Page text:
Jari Andersson
Aug 12, 2010
Posted in category: 2010 Member Articles

Efficiency in ICT Sourcing - Is It Possible?

Efficiency in ICT Sourcing – Is It Possible?

In manufacturing, planning, fine-tuning and maintaining the throughput of the assembly line is of core importance. In the assembly itself the workflow may consist of automated or manual processes or both; the main thing is that the profitability of the assembly process as a whole can be maximized.

From the manufacturer’s point of view, the supply chain for the production starts relatively far away from the actual assembly line, namely, with the sourcing, or, purchasing function. In a typical example, when making mobile phones the contents of the product portfolios – the product mix, the models and their estimated life cycle, the technical platforms, applications and, of course, the parts – are known well in advance. This allows the purchasing function to plan ahead, forecast both the supply and the future demand, negotiate with the suppliers – and cut the best deals in terms of cost, quality and time.

Is it possible to attain similar efficiency and optimization in ICT sourcing? Or, is there a built-in magic in the ICT that turns sourcing and purchasing into something far more cryptic than, say, in Demand/Supply Chain Management? Interestingly, the “ICT Standard for Management” guidebook states in chapter 4 “Sourcing and Vendor Management” that one of the key objectives of ICT sourcing and vendor management is actually “Efficient, appropriate and timely sourcing of services and solutions by leveraging the expertise and insights of vendors”.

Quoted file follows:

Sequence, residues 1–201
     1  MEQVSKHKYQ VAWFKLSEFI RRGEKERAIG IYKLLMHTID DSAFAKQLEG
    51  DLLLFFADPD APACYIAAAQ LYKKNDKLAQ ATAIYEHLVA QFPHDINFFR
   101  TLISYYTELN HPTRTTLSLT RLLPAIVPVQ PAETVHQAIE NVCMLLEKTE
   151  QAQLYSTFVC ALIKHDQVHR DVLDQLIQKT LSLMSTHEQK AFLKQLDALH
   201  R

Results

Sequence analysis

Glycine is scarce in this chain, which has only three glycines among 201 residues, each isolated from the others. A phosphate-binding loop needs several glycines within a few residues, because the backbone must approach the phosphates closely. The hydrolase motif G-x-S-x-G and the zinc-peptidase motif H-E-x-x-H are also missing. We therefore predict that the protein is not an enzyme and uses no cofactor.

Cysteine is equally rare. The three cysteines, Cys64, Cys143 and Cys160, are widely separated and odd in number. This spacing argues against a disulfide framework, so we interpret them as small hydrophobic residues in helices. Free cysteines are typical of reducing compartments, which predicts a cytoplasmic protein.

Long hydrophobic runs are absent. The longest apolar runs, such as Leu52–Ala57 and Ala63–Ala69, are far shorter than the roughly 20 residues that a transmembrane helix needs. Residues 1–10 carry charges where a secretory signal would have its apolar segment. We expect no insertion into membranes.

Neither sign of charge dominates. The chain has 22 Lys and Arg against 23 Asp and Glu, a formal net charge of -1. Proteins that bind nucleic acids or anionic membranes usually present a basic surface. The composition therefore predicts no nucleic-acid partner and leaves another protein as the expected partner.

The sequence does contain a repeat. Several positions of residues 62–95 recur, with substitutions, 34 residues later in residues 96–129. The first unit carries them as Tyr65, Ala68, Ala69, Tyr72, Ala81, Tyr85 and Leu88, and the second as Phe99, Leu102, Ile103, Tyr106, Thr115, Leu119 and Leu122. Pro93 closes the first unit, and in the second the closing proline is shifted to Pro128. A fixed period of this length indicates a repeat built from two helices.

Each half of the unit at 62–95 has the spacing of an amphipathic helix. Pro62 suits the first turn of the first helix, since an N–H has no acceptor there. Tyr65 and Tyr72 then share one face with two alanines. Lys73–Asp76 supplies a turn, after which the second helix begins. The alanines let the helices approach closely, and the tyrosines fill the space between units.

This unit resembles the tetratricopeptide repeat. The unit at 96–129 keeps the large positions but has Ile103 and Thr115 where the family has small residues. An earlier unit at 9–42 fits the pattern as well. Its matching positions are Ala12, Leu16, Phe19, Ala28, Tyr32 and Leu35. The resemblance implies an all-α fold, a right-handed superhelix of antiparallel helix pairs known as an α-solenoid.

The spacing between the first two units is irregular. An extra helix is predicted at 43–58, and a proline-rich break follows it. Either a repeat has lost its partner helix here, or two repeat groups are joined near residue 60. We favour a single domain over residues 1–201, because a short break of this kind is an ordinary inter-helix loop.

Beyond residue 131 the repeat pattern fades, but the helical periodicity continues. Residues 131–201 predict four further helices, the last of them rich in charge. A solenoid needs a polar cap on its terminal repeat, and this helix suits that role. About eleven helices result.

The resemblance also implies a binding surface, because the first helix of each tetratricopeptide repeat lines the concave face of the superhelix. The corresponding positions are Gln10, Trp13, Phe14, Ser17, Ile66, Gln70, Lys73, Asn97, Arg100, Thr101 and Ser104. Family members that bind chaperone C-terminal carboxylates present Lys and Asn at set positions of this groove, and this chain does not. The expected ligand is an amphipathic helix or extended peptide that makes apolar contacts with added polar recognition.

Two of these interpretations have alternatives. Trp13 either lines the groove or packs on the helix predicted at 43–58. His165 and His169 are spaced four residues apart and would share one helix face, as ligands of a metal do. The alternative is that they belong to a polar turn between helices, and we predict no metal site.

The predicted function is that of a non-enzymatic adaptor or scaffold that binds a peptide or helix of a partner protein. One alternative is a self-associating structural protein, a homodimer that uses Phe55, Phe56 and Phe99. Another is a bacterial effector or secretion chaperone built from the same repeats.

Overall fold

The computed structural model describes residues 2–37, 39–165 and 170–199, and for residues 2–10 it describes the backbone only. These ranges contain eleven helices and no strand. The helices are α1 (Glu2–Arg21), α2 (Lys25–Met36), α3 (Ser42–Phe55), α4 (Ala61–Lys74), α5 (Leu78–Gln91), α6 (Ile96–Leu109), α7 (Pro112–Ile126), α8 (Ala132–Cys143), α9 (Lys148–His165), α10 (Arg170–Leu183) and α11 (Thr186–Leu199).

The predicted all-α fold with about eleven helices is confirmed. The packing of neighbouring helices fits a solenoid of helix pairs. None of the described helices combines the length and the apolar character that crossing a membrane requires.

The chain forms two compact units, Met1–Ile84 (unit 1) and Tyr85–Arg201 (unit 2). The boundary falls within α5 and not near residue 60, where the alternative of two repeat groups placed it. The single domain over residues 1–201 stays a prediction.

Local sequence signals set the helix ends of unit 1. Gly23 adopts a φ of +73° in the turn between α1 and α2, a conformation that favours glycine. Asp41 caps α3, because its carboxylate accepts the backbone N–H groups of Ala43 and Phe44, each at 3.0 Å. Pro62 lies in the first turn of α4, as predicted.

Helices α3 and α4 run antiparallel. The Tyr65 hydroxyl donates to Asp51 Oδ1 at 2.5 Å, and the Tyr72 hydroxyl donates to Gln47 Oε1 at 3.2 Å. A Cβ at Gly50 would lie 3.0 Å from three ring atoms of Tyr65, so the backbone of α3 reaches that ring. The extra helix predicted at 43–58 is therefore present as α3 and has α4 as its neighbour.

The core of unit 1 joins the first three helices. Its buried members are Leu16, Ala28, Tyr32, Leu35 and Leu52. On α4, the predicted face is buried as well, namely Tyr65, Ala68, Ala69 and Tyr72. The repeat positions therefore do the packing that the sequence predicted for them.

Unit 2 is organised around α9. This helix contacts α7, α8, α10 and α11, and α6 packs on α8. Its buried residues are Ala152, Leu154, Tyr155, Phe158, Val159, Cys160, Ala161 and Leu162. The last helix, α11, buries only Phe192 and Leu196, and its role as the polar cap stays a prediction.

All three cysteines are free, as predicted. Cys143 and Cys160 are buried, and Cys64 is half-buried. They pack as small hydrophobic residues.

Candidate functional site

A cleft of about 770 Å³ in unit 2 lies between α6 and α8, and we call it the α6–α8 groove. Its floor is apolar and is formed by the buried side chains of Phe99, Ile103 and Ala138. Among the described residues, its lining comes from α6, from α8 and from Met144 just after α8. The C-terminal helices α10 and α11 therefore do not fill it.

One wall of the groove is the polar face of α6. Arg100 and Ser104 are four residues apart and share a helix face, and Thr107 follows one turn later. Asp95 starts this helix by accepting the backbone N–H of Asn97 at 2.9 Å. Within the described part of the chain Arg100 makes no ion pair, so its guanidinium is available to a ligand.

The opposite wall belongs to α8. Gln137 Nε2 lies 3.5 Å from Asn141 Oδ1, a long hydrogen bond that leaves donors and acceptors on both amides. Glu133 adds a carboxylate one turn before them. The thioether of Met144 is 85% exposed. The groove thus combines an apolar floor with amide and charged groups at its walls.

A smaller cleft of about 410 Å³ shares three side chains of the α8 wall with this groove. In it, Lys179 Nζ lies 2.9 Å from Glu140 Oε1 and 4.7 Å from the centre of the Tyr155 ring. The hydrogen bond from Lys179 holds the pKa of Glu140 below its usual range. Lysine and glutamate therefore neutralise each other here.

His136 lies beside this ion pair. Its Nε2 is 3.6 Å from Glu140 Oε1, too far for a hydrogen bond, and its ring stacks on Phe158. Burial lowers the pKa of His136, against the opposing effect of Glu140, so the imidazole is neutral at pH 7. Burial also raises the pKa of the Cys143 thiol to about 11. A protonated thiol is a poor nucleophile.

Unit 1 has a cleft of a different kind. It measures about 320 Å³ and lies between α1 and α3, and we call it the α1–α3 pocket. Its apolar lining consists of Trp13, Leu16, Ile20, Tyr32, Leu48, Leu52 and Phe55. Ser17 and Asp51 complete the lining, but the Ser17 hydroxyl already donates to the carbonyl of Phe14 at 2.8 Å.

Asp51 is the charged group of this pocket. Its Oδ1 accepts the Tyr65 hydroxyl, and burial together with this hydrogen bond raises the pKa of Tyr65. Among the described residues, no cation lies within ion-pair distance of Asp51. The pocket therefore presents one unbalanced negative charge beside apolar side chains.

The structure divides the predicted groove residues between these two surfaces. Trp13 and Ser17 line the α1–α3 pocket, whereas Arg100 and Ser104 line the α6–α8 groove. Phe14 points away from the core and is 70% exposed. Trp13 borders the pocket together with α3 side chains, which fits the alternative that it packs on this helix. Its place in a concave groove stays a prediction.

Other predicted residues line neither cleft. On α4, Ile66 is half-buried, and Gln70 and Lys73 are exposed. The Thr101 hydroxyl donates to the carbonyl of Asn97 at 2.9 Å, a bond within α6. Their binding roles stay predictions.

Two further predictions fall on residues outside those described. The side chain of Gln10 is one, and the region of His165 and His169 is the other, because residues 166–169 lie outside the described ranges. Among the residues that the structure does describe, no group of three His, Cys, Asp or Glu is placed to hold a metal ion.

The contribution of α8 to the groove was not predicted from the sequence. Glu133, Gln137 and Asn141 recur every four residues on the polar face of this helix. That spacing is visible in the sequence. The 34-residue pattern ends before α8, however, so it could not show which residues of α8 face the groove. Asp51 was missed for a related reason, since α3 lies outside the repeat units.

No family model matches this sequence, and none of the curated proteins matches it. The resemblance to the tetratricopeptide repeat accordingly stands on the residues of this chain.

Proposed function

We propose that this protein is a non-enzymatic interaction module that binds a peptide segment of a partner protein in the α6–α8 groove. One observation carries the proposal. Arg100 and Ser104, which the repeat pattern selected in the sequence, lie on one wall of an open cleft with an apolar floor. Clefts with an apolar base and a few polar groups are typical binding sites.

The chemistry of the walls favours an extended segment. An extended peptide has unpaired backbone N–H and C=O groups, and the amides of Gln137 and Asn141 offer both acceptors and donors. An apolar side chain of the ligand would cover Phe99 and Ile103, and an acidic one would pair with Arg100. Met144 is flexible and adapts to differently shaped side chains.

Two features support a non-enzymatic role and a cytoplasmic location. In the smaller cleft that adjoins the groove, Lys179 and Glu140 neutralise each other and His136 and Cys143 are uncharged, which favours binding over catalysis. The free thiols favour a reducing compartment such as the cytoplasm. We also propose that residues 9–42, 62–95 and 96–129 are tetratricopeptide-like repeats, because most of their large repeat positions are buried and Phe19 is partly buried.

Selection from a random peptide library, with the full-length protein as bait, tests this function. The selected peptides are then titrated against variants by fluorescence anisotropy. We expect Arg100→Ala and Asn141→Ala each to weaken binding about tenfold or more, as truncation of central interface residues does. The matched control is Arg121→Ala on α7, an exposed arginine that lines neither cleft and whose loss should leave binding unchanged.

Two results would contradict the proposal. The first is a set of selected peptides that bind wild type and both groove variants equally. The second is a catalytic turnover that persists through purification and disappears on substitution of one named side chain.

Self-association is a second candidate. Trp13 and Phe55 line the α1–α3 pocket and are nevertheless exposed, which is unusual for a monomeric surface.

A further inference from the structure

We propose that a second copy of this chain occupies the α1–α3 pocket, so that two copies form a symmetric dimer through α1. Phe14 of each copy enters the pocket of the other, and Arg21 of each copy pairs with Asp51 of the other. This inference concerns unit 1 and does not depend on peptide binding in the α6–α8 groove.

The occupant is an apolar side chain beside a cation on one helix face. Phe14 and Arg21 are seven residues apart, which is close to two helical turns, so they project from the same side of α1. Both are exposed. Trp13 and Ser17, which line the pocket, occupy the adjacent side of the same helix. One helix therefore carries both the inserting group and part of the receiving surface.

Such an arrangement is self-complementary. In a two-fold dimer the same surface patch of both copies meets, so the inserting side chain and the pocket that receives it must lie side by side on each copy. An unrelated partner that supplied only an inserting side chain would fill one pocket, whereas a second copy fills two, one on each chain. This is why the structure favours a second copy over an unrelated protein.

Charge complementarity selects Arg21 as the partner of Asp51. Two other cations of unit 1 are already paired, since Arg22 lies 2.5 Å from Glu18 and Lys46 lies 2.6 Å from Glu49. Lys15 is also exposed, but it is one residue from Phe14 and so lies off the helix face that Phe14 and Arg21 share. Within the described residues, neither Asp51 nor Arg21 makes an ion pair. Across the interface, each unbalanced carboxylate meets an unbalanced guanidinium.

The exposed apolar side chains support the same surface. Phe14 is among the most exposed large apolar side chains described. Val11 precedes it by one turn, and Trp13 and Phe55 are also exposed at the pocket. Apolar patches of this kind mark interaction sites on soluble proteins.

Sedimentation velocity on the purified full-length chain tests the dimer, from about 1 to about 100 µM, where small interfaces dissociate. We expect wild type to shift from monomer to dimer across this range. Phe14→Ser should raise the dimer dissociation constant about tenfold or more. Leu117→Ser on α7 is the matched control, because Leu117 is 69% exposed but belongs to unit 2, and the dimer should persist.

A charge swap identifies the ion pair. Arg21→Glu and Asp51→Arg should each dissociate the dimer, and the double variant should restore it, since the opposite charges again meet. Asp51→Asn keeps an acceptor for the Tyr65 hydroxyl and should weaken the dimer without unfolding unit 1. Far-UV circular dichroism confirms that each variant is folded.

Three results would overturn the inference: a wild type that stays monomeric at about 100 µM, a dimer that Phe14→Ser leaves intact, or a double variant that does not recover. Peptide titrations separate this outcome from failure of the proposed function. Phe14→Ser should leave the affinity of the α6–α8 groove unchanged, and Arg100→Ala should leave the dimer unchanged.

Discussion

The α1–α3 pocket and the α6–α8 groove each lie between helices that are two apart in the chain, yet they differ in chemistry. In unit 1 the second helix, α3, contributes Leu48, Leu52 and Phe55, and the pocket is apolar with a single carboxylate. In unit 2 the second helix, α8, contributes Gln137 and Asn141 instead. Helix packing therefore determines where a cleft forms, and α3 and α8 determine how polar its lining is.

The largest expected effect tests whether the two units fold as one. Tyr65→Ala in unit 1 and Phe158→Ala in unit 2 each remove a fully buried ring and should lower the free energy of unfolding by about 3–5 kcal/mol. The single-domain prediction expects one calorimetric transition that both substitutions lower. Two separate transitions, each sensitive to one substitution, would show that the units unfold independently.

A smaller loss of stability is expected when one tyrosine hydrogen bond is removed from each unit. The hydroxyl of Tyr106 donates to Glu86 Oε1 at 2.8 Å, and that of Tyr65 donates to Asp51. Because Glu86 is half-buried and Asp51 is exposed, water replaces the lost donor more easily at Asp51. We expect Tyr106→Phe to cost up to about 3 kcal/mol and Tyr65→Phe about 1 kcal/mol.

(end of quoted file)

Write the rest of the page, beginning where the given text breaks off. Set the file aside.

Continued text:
What this means in clear terms is that, Yes, it is possible to be efficient in ICT sourcing and, No, there is nothing in ICT sourcing that would make it inherently more difficult than industry sourcing. This is all good news. Now, what do we have to do to reach our goal, efficiency in ICT sourcing? As ICT sourcing is not dissimilar to manufacturers’ sourcing or purchasing the same basic rules apply.

First of all, what the company wants the production produces. For that to happen as anticipated, structured and continuous dialogue between the Business and the Production is needed. In this context, when making a comparison, it is appropriate to substitute the word “Production” with the abbreviation “ICT”. In the ICT Standard, the dialogue and the related exchange of information to focus the ICT correctly are an integral part of the overarching stream Business Alignment and of one of its functions, Concept Development. It is easy to understand the benefits: When ICT sourcing is in the know of what is expected within a given period of time, the efficiency of both the plans and the execution increases.

Secondly, as in manufacturing, supply management in a way that capitalizes on the vendors’ and suppliers’ business offering improves profitability. In this respect and irrespective of whether we contemplate on purchasing material goods, automated services, hired resources or special expertise, the demand for and the standard in quality, accuracy, cost-efficiency and business conformity remain the same. This highlights two things: 1) Sourcing needs to be focused on seriously – it is not an automated process, 2) As those responsible for the sourcing, we need to be on top of the process – otherwise the vendors run the show and we lose on efficiency and profitability.

Efficiency and optimization in ICT sourcing is an attainable goal. This requires, however, that both the Business and the ICT regard it as one of the fundamentals to focus on – and then act accordingly. As the “ICT Standard for Management” guidebook rightly puts it: “Well-managed Sourcing and Vendor Management benefits both the buyer and the provider by enabling supply and demand balancing, which results in more sustainable and productive cooperation.”

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